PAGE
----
A SEED for Wisconsin's Future
Late in the summer of 1984, Richard Hecht found his company, Stuart Manufacturing, which specialized in women's sportswear, tumbling into a desperate situation. In September, his lessor would sell the building that housed his business to new owners, and the company would suffer a forced exodus. Buildings in downtown Milwaukee were too expensive, and moving the business outside of the city wasn’t an option given that many of the manufacturer’s staff, 95% of whom were minorities and women, relied on public transportation to get to work every day. The only option that seemed economical was to move operations to the Sun Belt, where Hecht could run his business for a reduced cost. Such a move would mean that more than 175 Wisconsin jobs would be lost overnight, leaving many unemployed in the heart of Milwaukee.
With some creative thinking and proper financing, a third option soon became clear. Hecht realized that with a large enough loan, he could purchase the building and retain everything his company had built in Wisconsin. He applied for financing through WHEDA's newly authorized Small Enterprise Economic Development (SEED) program and received a $310,000 loan. Stuart Manufacturing was saved as the money allowed for Hecht to purchase and renovate the plant, upgrade industrial equipment, and eventually add 25 new full-time employees to his staff. The most monumental achievement for the company, however, was the retainment of jobs for its hardworking employees.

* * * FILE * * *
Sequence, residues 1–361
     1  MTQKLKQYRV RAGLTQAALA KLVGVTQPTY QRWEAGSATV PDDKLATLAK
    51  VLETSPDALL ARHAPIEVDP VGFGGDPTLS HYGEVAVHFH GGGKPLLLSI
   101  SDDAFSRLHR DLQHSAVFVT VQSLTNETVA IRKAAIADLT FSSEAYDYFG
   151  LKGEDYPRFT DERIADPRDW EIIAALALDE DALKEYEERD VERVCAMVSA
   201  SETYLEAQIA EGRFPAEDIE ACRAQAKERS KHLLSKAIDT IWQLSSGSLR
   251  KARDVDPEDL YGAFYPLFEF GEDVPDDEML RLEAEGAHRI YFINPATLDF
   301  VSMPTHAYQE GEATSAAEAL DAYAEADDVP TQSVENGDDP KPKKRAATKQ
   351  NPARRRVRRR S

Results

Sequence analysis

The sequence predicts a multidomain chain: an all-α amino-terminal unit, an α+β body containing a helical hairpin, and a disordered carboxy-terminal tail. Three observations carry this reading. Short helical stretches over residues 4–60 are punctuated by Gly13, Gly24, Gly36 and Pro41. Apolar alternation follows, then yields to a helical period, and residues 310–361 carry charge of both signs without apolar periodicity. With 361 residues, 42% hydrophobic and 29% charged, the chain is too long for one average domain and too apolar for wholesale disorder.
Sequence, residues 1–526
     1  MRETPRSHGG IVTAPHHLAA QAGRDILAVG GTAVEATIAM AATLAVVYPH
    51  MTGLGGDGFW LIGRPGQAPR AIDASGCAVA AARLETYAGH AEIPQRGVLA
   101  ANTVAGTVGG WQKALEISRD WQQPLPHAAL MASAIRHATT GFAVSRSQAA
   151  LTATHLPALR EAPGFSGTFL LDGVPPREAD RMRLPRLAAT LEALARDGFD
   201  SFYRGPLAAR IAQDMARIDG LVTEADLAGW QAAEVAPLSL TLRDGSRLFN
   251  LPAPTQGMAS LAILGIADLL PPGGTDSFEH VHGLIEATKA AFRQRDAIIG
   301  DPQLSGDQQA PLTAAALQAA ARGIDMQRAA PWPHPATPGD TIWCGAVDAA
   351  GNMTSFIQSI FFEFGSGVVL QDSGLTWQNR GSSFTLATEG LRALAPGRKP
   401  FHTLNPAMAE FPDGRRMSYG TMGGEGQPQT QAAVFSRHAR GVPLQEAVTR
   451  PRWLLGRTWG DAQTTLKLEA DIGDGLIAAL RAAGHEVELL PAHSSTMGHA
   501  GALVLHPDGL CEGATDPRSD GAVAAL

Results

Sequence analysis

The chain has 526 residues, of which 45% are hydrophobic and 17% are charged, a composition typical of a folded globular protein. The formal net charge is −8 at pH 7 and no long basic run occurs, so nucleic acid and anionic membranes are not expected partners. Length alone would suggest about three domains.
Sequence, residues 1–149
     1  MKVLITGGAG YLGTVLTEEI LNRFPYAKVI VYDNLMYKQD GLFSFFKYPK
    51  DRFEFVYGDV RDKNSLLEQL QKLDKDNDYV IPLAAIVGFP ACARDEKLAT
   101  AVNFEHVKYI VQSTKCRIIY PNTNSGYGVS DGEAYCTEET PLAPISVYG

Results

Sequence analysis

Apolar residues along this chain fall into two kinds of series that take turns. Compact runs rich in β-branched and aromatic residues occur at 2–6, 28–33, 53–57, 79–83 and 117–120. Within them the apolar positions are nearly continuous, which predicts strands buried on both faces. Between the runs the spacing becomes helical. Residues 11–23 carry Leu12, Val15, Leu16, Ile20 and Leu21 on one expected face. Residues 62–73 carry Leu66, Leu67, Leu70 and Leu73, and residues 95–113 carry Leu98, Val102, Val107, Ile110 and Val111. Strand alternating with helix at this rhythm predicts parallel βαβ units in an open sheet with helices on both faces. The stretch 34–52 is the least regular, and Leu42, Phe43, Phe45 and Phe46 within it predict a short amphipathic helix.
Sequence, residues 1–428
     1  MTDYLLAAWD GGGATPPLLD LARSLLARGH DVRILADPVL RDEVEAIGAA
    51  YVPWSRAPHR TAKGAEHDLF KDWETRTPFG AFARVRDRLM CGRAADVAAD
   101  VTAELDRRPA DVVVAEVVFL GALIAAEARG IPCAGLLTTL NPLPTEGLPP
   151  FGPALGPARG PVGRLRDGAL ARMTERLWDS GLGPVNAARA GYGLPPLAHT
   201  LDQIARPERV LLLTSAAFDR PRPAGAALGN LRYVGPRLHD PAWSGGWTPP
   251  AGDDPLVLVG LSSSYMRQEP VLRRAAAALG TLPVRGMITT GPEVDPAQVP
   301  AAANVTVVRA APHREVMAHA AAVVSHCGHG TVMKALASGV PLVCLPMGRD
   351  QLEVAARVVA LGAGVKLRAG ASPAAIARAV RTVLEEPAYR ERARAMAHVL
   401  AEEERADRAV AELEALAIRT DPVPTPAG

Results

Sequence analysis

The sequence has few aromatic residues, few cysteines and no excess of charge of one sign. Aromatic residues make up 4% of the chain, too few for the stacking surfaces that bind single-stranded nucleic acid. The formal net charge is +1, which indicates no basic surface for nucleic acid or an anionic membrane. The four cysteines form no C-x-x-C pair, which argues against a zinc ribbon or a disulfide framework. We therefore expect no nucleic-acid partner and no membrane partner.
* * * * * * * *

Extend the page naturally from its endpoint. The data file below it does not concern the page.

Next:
While this was a milestone for Hecht, it also represented significant growth in WHEDA’s development. Stuart Manufacturing may have been the first to utilize WHEDA's SEED program, but it certainly would not be the last.
Due to the nature of bond financing, the SEED program was limited to moderately sized operations, rather than small businesses. WHEDA later realized a need for a small business product, leading to the introduction of the Linked Deposit Loan (LiDL) program in 1988 as a “sequel” to the SEED program. Thanks to the ingenuity and dedication of people like Hecht, WHEDA experienced significant success in its attempts to grow the Wisconsin economy, sewing together the seams of economic progress.